You know, it may not be a half-bad idea...
Wow, $1.3Billion in advertising! That's a lot of suds!
Of course, the ONION is satire. Not a "half good idea" either. It won't sell enough to be profitable w/o advertising...market to competitive.
Well, I don't drink soda anyway, so what do I care? Never could get used to the fizz.
Love the last line:
"Hey, there's a slogan for you," Nooyi said. "Spend more time with your families."
ONION is still satire. Pepsi is not cutting its advertising budget to zero in any lifetime. And yes, we should spend more quality time with our families. It would do the whole World alot of good.
Can we overstate the obvious! OK, I am being too harsh!
Growing up, I remember our local PBS TV station would run fund-raisers every year. During those campaigns, they pleaded for donations...10-15 minutes at a time during intermissions of a show. They always seemed to struggle to make enough to meet their budget. I don't believe much has changed.
One year, I recall our affiliate tried something rather risky: During the time when the station would normally have their intermission, they simply displayed a static message with an announcer who stated they weren't going to campaign, but rather have a 2-minute "quiet on the set" - no begging, no pleading...but asking folks to support PBS in lieu of the normal 15 minute break. During that campaign they received a record number of donations since people obviously preferred the non-intrusive break & reminder, and our affiliate was rewarded accordingly.
However, they tried it during the next campaign season, but I don't think it worked. A one hit wonder, I suppose. In any case, the first time demonstrated that a promise to not advertise (and advertisement in itself) was effective.
All of my Mad Ave experience says that in a competitive market like soft drinks, not advertising is a losing strategy.
This is also known as permission marketing and letting people "vote" on what they preferred. "You can pay me for 2 minutes of silence, or be subjected to our 15 minute haranguing!" Hum wonder what people would prefer?
Still good point!
Permission marketing? Advertising buys share of mind. No advertising, depend on people to go on their memories of why they liked you versus Coke. That is consumer marketing 101, even in today's world.
When did a TV commercial constitute 15 minutes of harangiung?
No, I replied to the PBS post, not this one. BTW.
Ah-h-h, a thready error. So sorry :)
Ahh, thanks for the nomenclature. I don't know the proper marketing jargon. :)
What if Pepsi did carry out that campaign? It would be revolutionary. If it's a commodity, and a ubiquitous drink in American society, everyone knows it exists. Coke and Pepsi are as popular as water. If people like it, they will drink it; if they don't, they won't. No commercial is going to change that. I don't like either, and no SuperBowl halftime sponsorship will sway me in the slightest.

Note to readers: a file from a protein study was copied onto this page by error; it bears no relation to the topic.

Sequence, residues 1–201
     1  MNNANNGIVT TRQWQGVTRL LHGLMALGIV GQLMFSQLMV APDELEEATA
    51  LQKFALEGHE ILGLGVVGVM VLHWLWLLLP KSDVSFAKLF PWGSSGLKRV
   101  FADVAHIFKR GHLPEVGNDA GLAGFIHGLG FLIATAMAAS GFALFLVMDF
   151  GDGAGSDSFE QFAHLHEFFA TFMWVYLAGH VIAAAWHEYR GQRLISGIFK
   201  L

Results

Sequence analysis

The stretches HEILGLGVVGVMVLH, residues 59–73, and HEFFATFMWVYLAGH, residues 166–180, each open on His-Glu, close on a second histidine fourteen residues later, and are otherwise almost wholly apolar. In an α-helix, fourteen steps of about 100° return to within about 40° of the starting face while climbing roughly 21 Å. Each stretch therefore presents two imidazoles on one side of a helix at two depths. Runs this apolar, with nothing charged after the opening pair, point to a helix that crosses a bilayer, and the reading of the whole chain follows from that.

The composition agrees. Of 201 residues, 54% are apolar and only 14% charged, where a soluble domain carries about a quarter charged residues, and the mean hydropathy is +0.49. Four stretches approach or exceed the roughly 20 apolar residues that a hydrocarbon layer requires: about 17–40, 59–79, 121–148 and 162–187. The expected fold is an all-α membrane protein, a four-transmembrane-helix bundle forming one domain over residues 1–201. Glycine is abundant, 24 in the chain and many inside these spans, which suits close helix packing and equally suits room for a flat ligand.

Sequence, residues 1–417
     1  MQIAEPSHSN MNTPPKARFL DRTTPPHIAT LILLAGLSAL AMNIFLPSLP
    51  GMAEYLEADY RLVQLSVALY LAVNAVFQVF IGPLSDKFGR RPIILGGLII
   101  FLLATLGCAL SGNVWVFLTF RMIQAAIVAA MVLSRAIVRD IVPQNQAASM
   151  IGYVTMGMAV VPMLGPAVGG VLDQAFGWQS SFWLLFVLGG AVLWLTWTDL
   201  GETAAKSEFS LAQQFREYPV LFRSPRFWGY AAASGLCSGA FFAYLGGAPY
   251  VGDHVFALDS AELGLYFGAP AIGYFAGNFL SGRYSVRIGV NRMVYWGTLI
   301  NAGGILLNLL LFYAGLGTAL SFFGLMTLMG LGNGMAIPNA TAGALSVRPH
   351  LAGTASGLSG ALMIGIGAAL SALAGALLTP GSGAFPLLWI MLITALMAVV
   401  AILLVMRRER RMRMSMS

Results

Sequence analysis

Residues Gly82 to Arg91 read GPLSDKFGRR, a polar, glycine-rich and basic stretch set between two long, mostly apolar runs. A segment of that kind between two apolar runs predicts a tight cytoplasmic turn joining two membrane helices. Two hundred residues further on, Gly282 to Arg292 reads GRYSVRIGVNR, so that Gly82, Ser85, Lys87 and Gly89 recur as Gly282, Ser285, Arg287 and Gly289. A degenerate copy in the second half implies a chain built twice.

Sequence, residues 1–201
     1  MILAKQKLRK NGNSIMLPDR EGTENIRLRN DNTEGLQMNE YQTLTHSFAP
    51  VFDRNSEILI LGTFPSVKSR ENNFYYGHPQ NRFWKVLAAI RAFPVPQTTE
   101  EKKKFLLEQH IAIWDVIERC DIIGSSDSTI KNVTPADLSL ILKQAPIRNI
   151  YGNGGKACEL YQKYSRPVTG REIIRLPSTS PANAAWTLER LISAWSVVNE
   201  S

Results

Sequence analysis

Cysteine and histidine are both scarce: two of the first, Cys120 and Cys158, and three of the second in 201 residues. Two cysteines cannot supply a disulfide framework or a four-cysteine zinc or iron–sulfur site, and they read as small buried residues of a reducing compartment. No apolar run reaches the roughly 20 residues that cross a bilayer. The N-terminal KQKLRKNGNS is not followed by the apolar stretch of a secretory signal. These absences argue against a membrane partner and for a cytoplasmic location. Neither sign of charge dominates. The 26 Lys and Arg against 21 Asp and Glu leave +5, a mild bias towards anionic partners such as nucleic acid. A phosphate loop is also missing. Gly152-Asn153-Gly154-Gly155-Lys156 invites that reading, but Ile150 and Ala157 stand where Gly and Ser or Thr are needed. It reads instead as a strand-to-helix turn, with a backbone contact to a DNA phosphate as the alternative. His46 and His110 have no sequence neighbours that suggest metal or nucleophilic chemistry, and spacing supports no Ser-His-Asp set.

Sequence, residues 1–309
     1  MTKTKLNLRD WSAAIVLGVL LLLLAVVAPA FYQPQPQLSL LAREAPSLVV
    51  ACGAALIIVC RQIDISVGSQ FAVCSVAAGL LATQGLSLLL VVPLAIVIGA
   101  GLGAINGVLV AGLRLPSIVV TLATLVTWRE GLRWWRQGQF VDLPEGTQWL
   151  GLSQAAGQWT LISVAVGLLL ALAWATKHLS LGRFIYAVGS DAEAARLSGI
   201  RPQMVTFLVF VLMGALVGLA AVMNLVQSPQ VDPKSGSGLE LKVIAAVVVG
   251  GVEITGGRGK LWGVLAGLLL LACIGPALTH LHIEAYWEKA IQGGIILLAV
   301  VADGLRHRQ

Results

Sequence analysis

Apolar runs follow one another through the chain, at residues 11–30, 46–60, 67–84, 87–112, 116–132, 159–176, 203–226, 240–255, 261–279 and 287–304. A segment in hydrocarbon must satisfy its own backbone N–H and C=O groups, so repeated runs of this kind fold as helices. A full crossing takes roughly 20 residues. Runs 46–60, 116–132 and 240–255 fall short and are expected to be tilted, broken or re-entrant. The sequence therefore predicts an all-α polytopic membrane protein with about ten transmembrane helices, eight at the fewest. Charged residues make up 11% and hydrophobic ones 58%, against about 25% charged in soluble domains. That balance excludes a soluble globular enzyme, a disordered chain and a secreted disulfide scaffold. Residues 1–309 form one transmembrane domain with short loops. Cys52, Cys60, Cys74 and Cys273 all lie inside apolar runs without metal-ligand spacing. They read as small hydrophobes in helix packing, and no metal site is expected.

But, what if Pepsi did advertise that they will take the money they once spent on huge advertising and turn that into donations to select charities for every Pepsi sold? Even draw in Pepsi drinkers on their website to recommend and vote up charities. Suddenly, buying a soda means more than satisfying thirst, but perhaps helping a good cause. Pepsi may even run periodic (much less frequent) advertisements to show where the money has gone.
It's so crazy, it just might work.
Yes, being different sometimes really gets you noticed. Imaging all the FREE publicity they would receive for stopping the advertising! Better yet, they could also say they are going to take all that money and do something great, like help kids with diabetes or develop exercise programs for overweight kids or develop a water filtration systems for undeveloped countries. Hum, wonder what would happen.....?
Again, I'd bet they'd lose share of market. No advertising, no promotion, no coupons, lose shelf space.
Marketing and advertising 101...basics, even in today's new world.
I bet they would not! Sometimes doing the right thing, even for the wrong reason, can generate success.
OK, I yield to your judgment and experience. Without any advertising, promtion etc., at a minimum, no one would know that they did a "good thing."
Back to my Giants game.
For products that are not widely known, I agree with NY2TX. But again, Pepsi is rather ubiquitous in American society. Shoot, it's neck and neck with Coke for practically being a common noun reference to any soft drink.
So a promise to never advertise Pepsi again would be too restrictive. However, temporarily turning off their advertising engine in exchange for a radical move as described above would be huge for Pepsi...if done right.
Oh, for the record, when I first read the article, I completely missed it was from the Onion. I was excited because it was such a radical idea and interesting experiment...and then I realized it was satire.
What a downer :)
Copyright (C) 2006-2013 Door64, All Rights Reserved | Questions, comments, or interested in sponsoring an event? Contact us